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“Bed bugs” are small nocturnal insects that feed on blood. (Cimex lectularius is the most common species of bed bug.) Some people who are bitten by them get itchy welts on their skin. However, the bugs have not been found to transit any diseases to humans.
Bed bugs are typically found on mattresses, box springs and bed frames, bedding, clothing, and in any dark cracks, seams, or crevices in beds, furniture, walls, or floors. They can travel through water pipes, wall voids, and ducts, and can spread from room to room.
Adult bed bugs are about 1/4-inch long and 1/8-inch wide; younger ones are smaller (often about 3/16 of an inch long or the size of a pinhead). They have flat, grayish-brown or reddish-brown bodies with six legs, and after feeding, they become round and red. They give off a sweet, musty odor. Their eggs are white and very small, and their excrement appears as tiny brown or black spots, which can look like small blood stains if smeared.
Here are some rules for prevention, as well as tips for getting rid of bed bugs if they do appear.
Keeping Bed Bugs Out
Getting Rid of Bed Bugs
While some pests can pose health concerns for building occupants, so can many pesticides. Pesticides and insecticides are poisons, and as such they are often poisonous to humans as well as to pests. Studies have linked some pesticides to cancer, birth defects, neurological disorders, and immune system disorders, as well as allergies. Therefore, pesticides should only be used as a last resort.
If the steps below are not sufficient to eliminate a bed bug problem and an insecticide must be used, ask an experienced professional to recommend the least-toxic insecticide that will be effective, and have it applied by a professional who will take safety precautions. The bed bugs’ eggs are not affected by insecticides, so the treatment will probably need to be applied several times to kill the hatchlings. Note: Bed bugs have become resistant to some pesticides, and using harsher pesticides could just end up making the bugs stronger, as they could build up resistance to those.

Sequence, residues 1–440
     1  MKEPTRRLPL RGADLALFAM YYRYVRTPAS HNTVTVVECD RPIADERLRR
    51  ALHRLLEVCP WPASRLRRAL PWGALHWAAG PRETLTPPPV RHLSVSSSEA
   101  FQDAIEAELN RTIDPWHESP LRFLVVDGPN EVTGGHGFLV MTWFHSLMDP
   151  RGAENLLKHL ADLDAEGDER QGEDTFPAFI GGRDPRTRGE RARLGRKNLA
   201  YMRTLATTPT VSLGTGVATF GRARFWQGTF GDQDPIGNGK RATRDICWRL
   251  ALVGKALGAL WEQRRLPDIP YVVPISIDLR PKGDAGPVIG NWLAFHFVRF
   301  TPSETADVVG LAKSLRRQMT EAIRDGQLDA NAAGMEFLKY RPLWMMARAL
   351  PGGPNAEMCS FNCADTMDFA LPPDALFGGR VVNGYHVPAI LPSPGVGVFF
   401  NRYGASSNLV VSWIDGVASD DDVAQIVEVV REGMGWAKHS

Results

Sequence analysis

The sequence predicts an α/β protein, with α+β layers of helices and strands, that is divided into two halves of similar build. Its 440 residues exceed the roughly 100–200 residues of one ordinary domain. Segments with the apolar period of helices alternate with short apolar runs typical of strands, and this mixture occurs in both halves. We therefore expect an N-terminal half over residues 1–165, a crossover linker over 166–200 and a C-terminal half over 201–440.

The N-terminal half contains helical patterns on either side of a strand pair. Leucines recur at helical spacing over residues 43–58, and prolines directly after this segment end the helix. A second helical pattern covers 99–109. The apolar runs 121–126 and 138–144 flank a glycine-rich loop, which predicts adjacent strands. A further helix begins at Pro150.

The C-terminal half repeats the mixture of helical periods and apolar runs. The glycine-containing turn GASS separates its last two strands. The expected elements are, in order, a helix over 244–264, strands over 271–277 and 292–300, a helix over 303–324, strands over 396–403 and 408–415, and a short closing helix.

If you want to research insecticide options on your own, check out the EPA’s Bed Bug Product Search Tool. As a general rule, avoid products that are labeled “Danger—Poison,” as those tend to be the most toxic to humans. Never use pesticides indoors that are intended for outdoor use. And don’t use (or allow others to apply) any product that does not specifically list bed bugs on the product label. Some sticky traps are designed for bed bugs. (Note: Baits for ants and cockroaches will not work on bed bugs.)
But before using any pesticides/insecticides, first try these non-chemical strategies:
Consult with a licensed, experienced pest control professional for further advice and treatment options.
For additional information, go to these webpages:
Beyond Pesticides: Bed Bug Info (factsheet, articles, etc.)
New Natural Bed Bug Busters (Mother Earth News article) – Includes a non-toxic product recommendation
Nontoxic Bed Bug Control is Possible (San Francisco Chronicle article) – Includes a non-toxic product recommendation
Miriam Landman is an accomplished writer, editor, and sustainability advisor with expertise in green living, green building, and sustainable communities. For daily links to sustainable solutions and success stories, connect to her Facebook page for The Green Spotlight.